Mother’s Day always creates such a barrage of mixed emotions for me. There was a lot of trauma, abuse, mental illness, and foolish decisions that marked my childhood. My mother was far from a perfect parent. Luckily, she does admit to that and seems to be really trying to be a better person now, but being around her always triggers so many memories, thoughts, and feelings – some good, some bad, some funny, and some tragic.
I think part of the issue is that my brain has a tough time seeing how she acts towards me now and reconciling it with memories of how my sister and I were treated while growing up. I do believe in forgiveness (within reason), and I do love my mother, but I doubt there will ever be a day in her company that doesn’t create confusion for me internally.
I write this post today to recognize those of us who struggle on Mother’s Day to even know how to feel…
It is strange how negative words can stay with us for a lifetime and hurt long after they are spoken. Today, I was reminded of a conversation I had way back in middle school. My friends and I were having a conversation about birth order statistics and how the oldest is often the smartest and most responsible in the family – which apparently was the case in all their families.
I mentioned how that hadn’t really happened in my family as I was the youngest and yet I was the one in the gifted program, the one who got straight A’s, and the one who was least likely to break the rules. My sister was very smart in her own ways, but not overly academic or intellectual.
One of my friends (or more likely a frenemy) replied, “Well, maybe your sister is the pretty one then.”
Before I could digest this insult or respond, one of my other friends chimed in assuring the group that my sister was no looker either, which made everyone laugh. I didn’t let on that I felt anything, but inside I was crushed. I felt ugly and I also felt bad that my friends had insulted and made fun of my sister.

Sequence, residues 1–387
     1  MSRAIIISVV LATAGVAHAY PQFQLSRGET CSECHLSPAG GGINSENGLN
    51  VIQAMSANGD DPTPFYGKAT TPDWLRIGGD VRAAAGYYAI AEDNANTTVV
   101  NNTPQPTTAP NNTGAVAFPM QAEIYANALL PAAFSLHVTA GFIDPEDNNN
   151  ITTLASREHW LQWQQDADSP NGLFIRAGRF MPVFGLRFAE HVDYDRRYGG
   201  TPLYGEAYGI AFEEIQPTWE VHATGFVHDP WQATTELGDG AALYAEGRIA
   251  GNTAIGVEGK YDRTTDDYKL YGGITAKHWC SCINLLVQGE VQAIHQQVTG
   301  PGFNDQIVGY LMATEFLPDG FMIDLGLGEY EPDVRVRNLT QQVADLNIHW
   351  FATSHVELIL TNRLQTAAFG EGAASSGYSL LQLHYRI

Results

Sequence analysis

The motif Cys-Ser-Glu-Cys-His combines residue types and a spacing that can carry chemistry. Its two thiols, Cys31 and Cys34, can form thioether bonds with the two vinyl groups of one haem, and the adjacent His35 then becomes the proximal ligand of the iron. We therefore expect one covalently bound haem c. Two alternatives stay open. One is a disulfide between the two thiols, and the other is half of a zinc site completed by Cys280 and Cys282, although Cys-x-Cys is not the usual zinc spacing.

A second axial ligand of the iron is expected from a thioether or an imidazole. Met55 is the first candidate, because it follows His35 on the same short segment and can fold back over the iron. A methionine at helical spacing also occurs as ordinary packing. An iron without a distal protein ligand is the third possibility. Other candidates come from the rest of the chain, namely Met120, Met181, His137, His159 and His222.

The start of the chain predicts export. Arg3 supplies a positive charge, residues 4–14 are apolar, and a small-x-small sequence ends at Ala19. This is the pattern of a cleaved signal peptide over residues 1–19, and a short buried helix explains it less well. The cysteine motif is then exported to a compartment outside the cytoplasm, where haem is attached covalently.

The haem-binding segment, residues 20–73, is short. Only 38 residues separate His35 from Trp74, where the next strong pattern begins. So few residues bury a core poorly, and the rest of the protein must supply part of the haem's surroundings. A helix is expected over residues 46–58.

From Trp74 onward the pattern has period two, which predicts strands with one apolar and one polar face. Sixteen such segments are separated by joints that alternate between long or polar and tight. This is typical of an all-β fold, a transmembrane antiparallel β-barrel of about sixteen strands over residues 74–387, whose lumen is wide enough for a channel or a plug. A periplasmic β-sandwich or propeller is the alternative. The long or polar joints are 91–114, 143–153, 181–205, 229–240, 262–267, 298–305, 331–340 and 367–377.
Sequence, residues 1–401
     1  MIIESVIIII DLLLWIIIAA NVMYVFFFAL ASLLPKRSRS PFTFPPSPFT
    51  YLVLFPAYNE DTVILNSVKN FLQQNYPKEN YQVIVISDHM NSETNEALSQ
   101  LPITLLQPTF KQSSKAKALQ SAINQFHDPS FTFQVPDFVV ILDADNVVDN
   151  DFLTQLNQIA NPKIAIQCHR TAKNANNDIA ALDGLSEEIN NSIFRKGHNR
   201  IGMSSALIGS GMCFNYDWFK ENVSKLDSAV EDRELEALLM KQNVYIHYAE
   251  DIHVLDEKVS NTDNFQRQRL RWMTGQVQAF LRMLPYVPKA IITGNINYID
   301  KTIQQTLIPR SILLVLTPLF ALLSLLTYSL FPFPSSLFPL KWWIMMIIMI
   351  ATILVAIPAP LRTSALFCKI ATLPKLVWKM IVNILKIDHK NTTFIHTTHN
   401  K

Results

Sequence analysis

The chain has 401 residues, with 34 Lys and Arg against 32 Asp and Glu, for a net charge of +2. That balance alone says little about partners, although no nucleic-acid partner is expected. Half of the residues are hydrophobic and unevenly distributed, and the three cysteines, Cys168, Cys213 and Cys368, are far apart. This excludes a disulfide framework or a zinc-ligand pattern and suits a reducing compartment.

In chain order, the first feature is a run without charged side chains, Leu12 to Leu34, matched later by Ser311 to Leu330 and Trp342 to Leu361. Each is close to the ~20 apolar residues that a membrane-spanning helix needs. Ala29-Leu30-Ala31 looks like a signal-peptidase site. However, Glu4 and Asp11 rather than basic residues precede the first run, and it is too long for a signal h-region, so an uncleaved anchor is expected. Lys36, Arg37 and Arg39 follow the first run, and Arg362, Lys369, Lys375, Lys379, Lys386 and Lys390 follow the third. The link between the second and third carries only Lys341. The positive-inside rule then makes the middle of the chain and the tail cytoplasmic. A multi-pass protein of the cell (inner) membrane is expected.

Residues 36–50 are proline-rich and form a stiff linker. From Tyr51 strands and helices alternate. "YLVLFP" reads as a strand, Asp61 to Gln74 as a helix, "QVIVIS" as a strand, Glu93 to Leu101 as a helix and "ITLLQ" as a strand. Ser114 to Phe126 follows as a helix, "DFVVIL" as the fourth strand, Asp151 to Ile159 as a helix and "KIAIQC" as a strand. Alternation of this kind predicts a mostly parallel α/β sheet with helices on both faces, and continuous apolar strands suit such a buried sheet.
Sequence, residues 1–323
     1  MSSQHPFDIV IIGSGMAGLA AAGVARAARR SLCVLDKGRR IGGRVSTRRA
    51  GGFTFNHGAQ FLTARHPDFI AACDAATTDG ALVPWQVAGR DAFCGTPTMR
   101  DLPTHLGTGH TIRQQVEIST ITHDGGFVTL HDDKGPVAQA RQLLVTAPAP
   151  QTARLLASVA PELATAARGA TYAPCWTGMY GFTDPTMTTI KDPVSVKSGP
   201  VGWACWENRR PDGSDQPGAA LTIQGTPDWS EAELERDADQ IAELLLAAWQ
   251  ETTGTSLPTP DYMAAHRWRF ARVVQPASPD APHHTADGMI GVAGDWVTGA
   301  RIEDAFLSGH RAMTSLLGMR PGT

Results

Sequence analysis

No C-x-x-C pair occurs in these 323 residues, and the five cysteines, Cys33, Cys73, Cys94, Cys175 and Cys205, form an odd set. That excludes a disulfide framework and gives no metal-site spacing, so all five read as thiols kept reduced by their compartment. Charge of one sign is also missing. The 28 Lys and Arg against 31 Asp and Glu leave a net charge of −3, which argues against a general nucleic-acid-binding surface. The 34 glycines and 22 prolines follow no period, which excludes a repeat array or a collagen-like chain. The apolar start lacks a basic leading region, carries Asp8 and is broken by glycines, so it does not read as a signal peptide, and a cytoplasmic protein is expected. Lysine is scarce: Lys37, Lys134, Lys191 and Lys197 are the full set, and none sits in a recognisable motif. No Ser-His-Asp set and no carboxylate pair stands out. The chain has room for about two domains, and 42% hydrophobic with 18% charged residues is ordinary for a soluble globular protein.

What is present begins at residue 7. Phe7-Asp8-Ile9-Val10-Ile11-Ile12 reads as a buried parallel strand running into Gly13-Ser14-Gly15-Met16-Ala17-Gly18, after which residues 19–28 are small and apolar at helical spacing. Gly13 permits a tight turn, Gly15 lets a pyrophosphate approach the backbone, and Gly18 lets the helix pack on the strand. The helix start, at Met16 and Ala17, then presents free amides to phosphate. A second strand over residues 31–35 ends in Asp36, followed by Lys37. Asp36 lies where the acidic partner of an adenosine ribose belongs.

To this day, remembering this conversation makes me feel ugly, plain, and rejected. I wish my friends had been more careful with their words.
Check out the cute stuff my mom sent to me for an Easter care package! She did really good this year! It definitely helped cheer me up since I had been feeling pretty lousy lately between my depression and my chronic health issues.
I think the title and video pretty much say it all:
By the way, if you are struggling with any mental health issues of your own, make sure to check out BetterHelp‘s online resources!
I love the tv show House. This medical drama, based around the character of a doctor with Sherlock Holmes mystery solving abilities is often smart, informational, and amusingly ridiculous. The main character (House) is often a total asshole, but he is so lovably grumpy, enormously flawed, and irresistibly outrageous that I can’t help but like him.
Last night I finally caught their episode that features an Ehlers Danlos patient, an episode I had been looking forward to seeing for a while. Unfortunately, I was really disappointed with the portrayal. First off, very little of the episode actually had anything to do with the woman with Ehlers Danlos. It focused more upon her husband for the first half at least.
When she was finally introduced into the storyline, she was presented as someone with a horrible mental illness (hoarding), which a casual viewer could easily think was due to her forthcoming Ehlers Danlos diagnosis. The last thing those of us with EDS need is to be confused with mental illness conditions even more.